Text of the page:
The general relief at the return of devolved government to the North last week was not accompanied by the popping of champagne corks. Instead, a small bomb exploded under a bridge in Hammersmith, London.
It was a timely reminder of the kinds of obstacles that confront the new dispensation and threaten, at times, to overturn it in favor of the bloody ways of the past.
No one so far has claimed responsibility for the attack, which occurred in the early hours of June 1. But a dissident group, the so-called Real IRA, which slaughtered 29 Irish men women and children in Omagh in 1998, is the chief suspect.
This allegation has been followed in some conservative-leaning sections of the British press by sensational reports of the capacity of the RIRA to wreak havoc. Some reports mention that it possesses 1,000 pounds of the deadly explosive Semtex.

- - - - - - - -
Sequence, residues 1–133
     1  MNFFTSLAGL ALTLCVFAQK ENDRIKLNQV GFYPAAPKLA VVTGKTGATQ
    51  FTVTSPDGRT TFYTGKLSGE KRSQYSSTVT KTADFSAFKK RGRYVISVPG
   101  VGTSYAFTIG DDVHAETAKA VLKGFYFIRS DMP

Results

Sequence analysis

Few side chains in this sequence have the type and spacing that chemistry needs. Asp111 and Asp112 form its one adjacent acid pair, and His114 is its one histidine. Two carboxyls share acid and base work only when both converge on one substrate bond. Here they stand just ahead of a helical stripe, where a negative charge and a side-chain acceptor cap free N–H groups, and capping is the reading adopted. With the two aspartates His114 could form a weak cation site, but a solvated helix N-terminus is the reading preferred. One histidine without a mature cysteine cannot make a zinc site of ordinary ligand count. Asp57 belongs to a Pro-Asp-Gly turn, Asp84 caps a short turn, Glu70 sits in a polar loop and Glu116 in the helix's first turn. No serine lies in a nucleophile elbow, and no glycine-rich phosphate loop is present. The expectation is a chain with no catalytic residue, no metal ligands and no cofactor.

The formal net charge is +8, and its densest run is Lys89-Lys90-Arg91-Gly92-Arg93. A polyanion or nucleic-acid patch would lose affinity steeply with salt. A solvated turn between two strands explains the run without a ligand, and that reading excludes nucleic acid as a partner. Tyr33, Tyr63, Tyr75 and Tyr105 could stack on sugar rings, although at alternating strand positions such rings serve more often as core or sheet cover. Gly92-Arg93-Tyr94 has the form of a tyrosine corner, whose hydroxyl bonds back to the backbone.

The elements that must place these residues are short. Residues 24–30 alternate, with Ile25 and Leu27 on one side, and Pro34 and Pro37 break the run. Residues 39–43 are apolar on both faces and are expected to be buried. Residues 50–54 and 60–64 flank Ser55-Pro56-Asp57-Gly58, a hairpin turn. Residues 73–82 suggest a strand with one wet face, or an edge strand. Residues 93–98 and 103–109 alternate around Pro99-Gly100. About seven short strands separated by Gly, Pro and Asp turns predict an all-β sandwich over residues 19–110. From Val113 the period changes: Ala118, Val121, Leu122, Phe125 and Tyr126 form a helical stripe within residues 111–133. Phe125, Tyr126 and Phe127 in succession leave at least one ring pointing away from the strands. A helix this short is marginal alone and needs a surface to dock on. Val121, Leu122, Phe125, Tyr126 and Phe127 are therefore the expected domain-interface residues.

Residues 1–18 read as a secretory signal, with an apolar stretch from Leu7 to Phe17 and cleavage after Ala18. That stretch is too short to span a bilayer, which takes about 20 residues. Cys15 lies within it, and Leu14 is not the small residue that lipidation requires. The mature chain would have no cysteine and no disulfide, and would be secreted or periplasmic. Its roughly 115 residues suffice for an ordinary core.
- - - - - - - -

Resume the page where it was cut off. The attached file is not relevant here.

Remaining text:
It is always wise to treat such stories with caution, particularly in view of their provenance and that they should suddenly appear just as the debate over reforming the North’s police force gets under way. However, this is not to diminish the dangers that exist on the fringe of the republican movement and the concomitant need for all sides in the peace process to show politics working. This is the only way to undermine whatever spurious claims groups such as the RIRA still make on behalf of their version of republicanism.
In the meantime, in Derry the first Sinn Fein mayor since Terence McSwiney took office. Cathal Crumley, a former prisoner, immediately extended the hand of friendship to all the people of the city, nationalist and unionist alike. This way he demonstrated where the future of Ireland lies: with the bridge builders, not the bridge bombers.
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